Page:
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Forge Road, Mt. Evelyn

Home > Melbourne > Free | Outdoor | Walks
by Neil Follett (subscribe)
I'm a retired photographer living in Lilydale mainly researching and writing on Australian aviation history. Now writing more on general subjects.
Published May 23rd 2022
Forge ahead to enjoy this walk
Forge Road meanders and undulates for over one kilometre, starting at Bailey Road. One of the first things noticed is a verge garden of garden ornaments, dominated by a rusty 1942 vintage Howard tractor.

old tractor.
1942 vintage Howard tractor.

One bright spot was a bush full of yellow daisies.

yellow daisy bush.
These are visible from afar.

Forge Road is sealed but very narrow and mostly with no footpaths and vegetation down to the road in many areas.

Forge Road.
Forge Road.

Not far from Bailey Road the Little Stringybark Creek is crossed. Forge Road follows the creek for a couple of hundred metres with houses on the far side of the creek, where two flamingos stood out in a landscaped area. On the creek bank, a bench seat would be a restful spot on a hot day. On the other side of the road, the blocks are large and on a slope with many long driveways into them.

Little Stringybark Creek, flamingos, seat and driveway,

The roadside verge is home to many trees including a flowering gum and several pittosporums with their multitude of orange berries.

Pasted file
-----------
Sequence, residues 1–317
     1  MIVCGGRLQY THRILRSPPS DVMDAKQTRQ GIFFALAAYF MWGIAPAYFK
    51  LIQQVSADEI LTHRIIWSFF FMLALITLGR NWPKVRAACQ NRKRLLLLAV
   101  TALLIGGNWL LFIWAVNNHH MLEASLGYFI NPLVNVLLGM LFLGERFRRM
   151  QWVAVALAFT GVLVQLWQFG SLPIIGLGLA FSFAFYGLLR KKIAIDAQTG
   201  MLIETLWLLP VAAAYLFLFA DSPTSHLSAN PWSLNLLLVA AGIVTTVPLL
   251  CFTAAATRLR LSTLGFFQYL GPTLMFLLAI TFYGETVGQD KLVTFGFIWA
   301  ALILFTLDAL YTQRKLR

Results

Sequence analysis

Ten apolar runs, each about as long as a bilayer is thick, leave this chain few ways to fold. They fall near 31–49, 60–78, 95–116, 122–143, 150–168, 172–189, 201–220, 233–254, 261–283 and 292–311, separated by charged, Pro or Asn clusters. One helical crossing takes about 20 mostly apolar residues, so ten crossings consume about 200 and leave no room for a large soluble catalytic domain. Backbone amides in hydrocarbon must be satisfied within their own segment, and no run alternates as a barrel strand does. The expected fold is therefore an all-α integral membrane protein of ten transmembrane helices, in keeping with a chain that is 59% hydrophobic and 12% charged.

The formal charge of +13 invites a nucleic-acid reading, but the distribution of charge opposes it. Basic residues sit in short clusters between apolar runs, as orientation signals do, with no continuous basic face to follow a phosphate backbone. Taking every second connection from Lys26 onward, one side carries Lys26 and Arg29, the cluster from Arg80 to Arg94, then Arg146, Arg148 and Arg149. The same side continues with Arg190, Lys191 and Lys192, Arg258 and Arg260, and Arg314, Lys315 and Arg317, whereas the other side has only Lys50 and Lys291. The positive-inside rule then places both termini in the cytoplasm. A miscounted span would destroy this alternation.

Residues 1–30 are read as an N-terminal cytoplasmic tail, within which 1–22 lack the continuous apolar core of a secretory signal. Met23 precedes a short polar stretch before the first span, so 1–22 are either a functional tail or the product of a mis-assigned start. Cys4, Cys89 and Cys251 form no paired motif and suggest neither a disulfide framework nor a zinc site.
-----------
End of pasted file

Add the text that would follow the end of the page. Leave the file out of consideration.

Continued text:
flowering gum tree.
Flowering gum and pittosporum trees.

Surrounding the tractor, mentioned earlier, were several small garden ornaments, a wagon wheel and a large windmill. The property also sported a lych gate.

garden ornaments.
Two of the garden ornaments.

Wagon wheel and windmill.
Wagon wheel and windmill.

lych gate
Lych gate.

Where I parked to begin my walk I was confronted with a botanical delight with a sloping garden overrun with a multitude of colourful flowers. The most spectacular was an abutilon, easily identified by the gardener leaving the nursery tag attached. Three pots on a wooden seat had a nice background of red chrysanthemums.

Abutilon flower
Easily identified.

Chrysanthemums behind seat.

A beard tongue and dahlia added more colour as did several grevilleas. Three different species of the salvia genus were also a welcome sighting. A princess flower was another interesting sight.

Beard tongue and dahlia.
Beard tongue and dahlia.


They are all salvias.

princess flowers.
Princess flowers.

Few birds were seen. A couple of currawongs and the highlight of the walk, two adult female king parrots who kindly decided to feed in an overhead tree.


King parrot.
Adult female king parrot.

Despite the almost rural feeling and a narrow road, several walkers were seen. A rusty gate leading into a paddock added to the rural feel.

Walkers along road.

Rusty gate.
Definitely a country look.

Interesting signs are often seen, such as the one behind a wood heap and the bright yellow one on a gate. A barking black dog was also encountered.

cat sign.
I'll take my chances with the cat.

Other flowers were a rhododendron and an alpine rose, a camellia tree, several bottlebrushes, a plumbago bush and a small banksia.

Rhododendron and alpine rose.
Rhododendron and alpine rose.


bottle brush
Bottle brush bushes are always attractive.

plumbago and banksia.
Plumbago and banksia.

A number of nasturtiums were growing among a group of other plants adding a splash of colour against the green-leafed background.

Nasturtiums are always colourful.

On the few grassed verges several fungi were growing.

Roadside fungi.

This is walk that in parts give you the impression you are wandering along a country lane.

Street sign
Our location.

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Why? It's a floral and garden ornaments bonanza.
When: anytime
Where: Forge Road Mt. Evelyn. Melway map: 118. C.11.
Cost: Free
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